New Bern Bus Rapid Transit and Upcoming Land Use Proposals

“With great transit comes great land usability.”

I’m not sure anyone has actually said that quote but maybe someone should. (I’ll take it if it’s up for grabs) The folks I’m really hoping are saying this repeatedly is our own city as they continue to work through the planning efforts of the Bus Rapid Transit (BRT) system.

If you’re coming in fresh to the latest plans on the system then you can jump to the city’s website with an overview of the plans for the four corridors.

Now that it’s 2023, construction should begin on the first corridor of the BRT project. Throughout this year and next, dedicated bus lanes will be added, raised-platform, bus stations will be built, new sidewalks will be added, and traffic signals will be upgraded. We’ll be following along for sure.

What’s even more encouraging about all this are the efforts to slowly shift the dynamic of these BRT corridors by putting in place Transit-Overlay District zoning. It’s great to see the land use compliment the investments in transit.

I see it as a two-sided story. There’s the transit piece, buses, sidewalks, and roads, and then the land use piece requires more urban buildings delivering houses across the income spectrum, spaces for retail that residents can walk to, and office space for businesses. I see it as putting a mix of uses down a single street served by a faster and more reliable form of transportation.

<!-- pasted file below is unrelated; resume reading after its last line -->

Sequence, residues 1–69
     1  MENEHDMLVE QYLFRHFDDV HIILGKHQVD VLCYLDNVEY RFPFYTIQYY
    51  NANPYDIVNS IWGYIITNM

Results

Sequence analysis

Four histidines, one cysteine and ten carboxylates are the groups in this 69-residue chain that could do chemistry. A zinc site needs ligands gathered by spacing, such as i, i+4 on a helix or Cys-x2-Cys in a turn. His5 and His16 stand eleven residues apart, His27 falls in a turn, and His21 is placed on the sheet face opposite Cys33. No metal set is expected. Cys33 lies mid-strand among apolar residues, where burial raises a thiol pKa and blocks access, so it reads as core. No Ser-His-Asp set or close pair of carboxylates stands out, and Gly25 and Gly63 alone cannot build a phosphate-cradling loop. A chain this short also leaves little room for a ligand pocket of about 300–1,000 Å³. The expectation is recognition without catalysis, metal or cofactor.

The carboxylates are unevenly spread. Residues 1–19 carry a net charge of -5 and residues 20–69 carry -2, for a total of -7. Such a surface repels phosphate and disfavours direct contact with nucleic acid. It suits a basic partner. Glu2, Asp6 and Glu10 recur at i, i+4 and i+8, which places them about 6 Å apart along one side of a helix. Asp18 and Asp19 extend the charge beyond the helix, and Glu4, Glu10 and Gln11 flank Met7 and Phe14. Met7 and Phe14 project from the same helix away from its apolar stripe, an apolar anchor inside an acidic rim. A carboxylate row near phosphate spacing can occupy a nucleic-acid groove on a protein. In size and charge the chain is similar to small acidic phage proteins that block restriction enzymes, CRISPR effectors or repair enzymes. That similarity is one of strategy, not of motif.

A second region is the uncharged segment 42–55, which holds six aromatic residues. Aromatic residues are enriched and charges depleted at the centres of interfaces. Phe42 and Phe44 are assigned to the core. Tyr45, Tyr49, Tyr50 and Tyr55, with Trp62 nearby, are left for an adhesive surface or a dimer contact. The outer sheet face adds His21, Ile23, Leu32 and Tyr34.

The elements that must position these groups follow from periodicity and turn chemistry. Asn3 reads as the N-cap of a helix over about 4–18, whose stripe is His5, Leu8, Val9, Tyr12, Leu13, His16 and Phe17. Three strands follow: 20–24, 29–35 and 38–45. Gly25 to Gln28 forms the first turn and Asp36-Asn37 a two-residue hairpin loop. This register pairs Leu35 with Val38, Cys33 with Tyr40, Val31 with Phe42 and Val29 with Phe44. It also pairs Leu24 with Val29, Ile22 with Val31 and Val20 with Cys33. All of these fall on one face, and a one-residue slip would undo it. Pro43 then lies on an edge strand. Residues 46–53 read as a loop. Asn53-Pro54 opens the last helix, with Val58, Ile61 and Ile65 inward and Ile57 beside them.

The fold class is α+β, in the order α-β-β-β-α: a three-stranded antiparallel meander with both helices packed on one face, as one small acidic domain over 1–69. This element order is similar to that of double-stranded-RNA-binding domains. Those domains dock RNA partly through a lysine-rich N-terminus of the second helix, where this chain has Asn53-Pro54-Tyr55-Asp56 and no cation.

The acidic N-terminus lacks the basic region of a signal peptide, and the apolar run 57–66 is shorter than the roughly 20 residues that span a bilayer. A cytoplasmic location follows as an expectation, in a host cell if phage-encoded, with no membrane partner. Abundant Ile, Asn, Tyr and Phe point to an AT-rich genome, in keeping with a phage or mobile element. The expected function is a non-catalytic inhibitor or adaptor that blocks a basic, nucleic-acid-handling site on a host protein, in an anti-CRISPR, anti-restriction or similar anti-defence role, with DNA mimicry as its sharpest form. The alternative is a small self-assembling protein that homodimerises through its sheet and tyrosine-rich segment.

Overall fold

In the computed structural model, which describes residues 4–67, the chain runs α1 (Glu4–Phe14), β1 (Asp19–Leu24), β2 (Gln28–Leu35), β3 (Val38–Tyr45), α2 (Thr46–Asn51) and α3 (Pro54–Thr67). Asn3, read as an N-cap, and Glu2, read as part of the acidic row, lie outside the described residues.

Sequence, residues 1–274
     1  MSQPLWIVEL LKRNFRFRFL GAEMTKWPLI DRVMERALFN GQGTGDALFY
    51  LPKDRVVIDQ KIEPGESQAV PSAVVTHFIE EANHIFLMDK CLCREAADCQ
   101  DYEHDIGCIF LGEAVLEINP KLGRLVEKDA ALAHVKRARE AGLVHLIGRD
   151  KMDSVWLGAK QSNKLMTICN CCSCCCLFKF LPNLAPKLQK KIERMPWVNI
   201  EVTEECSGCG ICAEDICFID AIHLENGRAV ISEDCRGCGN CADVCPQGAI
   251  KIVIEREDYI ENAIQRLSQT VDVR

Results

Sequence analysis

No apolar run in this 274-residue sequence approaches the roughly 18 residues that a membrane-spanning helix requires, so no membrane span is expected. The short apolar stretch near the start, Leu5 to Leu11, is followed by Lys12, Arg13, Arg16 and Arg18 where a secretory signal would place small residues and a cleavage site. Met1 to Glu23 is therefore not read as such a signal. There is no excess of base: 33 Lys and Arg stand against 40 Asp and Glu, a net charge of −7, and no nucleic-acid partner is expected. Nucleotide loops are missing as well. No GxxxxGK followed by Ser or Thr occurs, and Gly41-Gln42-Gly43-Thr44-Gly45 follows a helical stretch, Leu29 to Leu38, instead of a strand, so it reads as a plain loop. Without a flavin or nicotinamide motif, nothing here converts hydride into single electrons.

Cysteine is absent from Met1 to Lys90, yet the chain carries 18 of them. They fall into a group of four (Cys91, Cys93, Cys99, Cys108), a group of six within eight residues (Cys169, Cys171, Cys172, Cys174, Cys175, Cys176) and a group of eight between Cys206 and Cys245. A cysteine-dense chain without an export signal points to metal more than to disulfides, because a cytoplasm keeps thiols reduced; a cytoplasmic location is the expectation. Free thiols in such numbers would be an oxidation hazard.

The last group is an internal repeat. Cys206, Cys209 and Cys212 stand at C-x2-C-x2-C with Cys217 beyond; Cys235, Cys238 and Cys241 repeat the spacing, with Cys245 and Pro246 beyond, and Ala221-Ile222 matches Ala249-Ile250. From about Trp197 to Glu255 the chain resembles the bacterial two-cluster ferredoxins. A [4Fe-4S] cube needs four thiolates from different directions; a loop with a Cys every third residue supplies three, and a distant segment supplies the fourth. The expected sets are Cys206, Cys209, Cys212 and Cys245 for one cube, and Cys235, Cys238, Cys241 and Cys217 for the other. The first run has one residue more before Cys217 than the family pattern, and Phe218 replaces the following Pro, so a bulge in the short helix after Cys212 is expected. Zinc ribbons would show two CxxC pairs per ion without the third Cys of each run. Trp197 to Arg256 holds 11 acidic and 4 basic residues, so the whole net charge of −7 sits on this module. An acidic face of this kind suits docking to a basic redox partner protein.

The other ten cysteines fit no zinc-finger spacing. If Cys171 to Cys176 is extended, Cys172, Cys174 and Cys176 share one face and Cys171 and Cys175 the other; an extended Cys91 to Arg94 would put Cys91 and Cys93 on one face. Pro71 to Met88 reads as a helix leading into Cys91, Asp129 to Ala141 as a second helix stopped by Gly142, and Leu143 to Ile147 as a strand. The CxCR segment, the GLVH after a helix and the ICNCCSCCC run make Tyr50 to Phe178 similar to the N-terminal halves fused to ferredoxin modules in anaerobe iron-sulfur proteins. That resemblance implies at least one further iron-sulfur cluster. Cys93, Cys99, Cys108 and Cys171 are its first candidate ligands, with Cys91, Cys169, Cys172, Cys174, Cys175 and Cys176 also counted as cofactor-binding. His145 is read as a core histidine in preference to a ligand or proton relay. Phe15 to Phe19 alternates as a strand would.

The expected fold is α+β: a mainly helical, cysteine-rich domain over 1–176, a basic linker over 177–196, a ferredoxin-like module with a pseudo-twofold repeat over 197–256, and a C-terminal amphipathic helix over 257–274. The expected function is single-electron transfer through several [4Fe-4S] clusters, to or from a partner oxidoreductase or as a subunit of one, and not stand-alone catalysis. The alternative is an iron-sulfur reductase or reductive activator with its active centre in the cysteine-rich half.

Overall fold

The two stories for New Bern are summed up on these links and I encourage anyone reading to take a look:

I also can’t help but highlight a great map. This one shows the proposed rezoning changes for the New Bern corridor so if you drive down that street or live near it, take a look.

The new BRT changes are coming and as mentioned earlier, construction will kick off this year. The rezoning application is in the final stages and when submitted will hit the Raleigh Planning Commission. I imagine it’ll be a much discussed topic throughout 2023.

For me, you can’t have the BRT running effectively without the right land use so I’m in full support of this rezoning plan. I’m sure there are edge cases that can be tweaked, and that’s fine as it’s a rezoning request across numerous properties, but without the planning piece put in place, I would be nervous about the BRT’s effectiveness for current and future residents in Raleigh.

We also can expect similar rezoning cases come out as the other three corridors mature and come close to their construction dates. BRT will be one of my “most watched” projects this year so I’ll leave this post right here with more thoughts and updates to come in the future.

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